The controller is the internal accountant of a hotel. He or she is responsible for the
actual and effective administration of ﬁnancial data produced on a daily basis in the hotel.
In the lodging property, daily ﬁnancial status must be available to corporate owners,
management, and guests. This requires a well-organized staff, not only to prepare oper-
ating statistics but also to assist the general manager in determining the effectiveness of
each department manager. Often the general manager relies on the controller to provide
ﬁnancial insight into the operations of the property. These include cash ﬂow, discounts,
evaluation of insurance costs, fringe-beneﬁt cost analysis, investment opportunities, com-
puter technology applications, banking procedures, and more.
This department processes accounts payable—amounts of money the hotel owes to
vendors; accounts receivable—amounts of money owed to the hotel by guests; the general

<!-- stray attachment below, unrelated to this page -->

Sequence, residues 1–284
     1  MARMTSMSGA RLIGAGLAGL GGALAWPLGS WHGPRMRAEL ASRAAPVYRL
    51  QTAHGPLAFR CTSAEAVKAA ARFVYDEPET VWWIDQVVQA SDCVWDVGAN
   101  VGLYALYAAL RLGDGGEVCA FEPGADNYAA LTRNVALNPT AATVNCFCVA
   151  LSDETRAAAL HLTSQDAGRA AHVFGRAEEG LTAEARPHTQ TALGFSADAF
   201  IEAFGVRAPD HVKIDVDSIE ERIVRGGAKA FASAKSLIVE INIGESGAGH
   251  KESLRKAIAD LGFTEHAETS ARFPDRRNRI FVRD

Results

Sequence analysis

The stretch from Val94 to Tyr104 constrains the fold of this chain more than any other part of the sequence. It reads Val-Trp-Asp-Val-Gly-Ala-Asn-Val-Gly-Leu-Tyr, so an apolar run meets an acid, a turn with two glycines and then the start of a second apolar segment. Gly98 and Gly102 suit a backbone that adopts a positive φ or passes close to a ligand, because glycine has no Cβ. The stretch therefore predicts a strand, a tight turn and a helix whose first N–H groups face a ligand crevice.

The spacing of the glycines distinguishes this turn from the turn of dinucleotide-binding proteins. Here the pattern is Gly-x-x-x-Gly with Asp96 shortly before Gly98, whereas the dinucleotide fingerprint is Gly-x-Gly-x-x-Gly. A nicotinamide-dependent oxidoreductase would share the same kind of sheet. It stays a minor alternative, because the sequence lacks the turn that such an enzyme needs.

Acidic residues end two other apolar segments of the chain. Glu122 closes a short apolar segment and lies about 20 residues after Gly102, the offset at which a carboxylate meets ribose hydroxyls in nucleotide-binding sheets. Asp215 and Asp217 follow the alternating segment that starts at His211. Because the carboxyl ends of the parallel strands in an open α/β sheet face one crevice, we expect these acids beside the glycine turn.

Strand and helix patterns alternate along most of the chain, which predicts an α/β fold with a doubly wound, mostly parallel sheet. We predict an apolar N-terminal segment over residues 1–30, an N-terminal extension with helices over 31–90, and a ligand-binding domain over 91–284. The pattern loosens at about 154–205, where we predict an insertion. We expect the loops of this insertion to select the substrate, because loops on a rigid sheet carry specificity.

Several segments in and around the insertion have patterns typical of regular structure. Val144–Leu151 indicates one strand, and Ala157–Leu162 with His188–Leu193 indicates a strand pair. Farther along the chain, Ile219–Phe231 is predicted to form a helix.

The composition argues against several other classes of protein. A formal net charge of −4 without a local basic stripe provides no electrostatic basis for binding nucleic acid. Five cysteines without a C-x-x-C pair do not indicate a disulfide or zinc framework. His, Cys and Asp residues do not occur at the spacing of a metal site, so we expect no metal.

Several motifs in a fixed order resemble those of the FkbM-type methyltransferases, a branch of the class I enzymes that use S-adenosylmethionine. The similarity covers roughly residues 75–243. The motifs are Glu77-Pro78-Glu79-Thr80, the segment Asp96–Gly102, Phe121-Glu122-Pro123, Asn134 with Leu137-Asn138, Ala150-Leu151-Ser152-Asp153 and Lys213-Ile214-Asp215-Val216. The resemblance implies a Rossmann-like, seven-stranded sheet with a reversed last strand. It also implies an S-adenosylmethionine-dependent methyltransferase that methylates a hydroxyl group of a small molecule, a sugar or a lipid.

ledger—a collection of accounts that the controller uses to organize the ﬁnancial activities
of the hotel; statement of cash ﬂows—a projection of income from various income-
generating areas of the hotel; the proﬁt-and-loss statement—a listing of revenues and
expenses for a certain time period; and the balance sheet—a listing of the ﬁnancial po-
sition of the hotel at a particular point in time. It is a busy department that provides
ﬁnancial information to all department directors.
The general manager of a limited-service property acts as the controller with the as-
sistance of the night auditor. (In some properties, the night audit is performed during the
day, and the night auditor is replaced with a lower-salaried front desk clerk for late-night
coverage.) Also, the ownership of a limited-service property hotel may be a part of a
larger ﬁnancial portfolio of a business, which assists the general manager to perform. the